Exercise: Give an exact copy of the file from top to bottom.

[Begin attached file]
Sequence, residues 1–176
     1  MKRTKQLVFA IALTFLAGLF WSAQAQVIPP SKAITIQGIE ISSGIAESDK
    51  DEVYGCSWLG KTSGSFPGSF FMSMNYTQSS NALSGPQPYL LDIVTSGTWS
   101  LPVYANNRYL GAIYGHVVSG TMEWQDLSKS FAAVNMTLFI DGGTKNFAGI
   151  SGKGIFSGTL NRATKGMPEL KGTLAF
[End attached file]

Sequence, residues 1–176
     1  MKRTKQLVFA IALTFLAGLF WSAQAQVIPP SKAITIQGIE ISSGIAESDK
    51  DEVYGCSWLG KTSGSFPGSF FMSMNYTQSS NALSGPQPYL LDIVTSGTWS
   101  LPVYANNRYL GAIYGHVVSG TMEWQDLSKS FAAVNMTLFI DGGTKNFAGI
   151  SGKGIFSGTL NRATKGMPEL KGTLAF